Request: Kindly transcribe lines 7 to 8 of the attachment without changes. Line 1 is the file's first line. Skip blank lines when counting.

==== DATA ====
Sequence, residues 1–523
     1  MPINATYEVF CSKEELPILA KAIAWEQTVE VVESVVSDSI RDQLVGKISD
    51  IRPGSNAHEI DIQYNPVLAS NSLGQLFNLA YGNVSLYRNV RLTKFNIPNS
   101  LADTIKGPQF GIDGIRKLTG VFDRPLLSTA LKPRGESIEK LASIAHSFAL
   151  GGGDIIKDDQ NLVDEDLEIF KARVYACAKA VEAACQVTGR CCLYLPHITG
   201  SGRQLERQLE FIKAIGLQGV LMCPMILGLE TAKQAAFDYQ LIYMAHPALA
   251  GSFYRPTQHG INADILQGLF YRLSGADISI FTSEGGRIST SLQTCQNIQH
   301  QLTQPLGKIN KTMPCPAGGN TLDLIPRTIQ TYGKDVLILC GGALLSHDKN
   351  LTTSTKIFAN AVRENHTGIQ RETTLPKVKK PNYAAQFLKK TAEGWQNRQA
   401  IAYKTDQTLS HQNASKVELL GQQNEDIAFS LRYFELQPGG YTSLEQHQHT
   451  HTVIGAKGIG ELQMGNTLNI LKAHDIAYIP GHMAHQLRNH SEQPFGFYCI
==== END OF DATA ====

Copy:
   251  GSFYRPTQHG INADILQGLF YRLSGADISI FTSEGGRIST SLQTCQNIQH
   301  QLTQPLGKIN KTMPCPAGGN TLDLIPRTIQ TYGKDVLILC GGALLSHDKN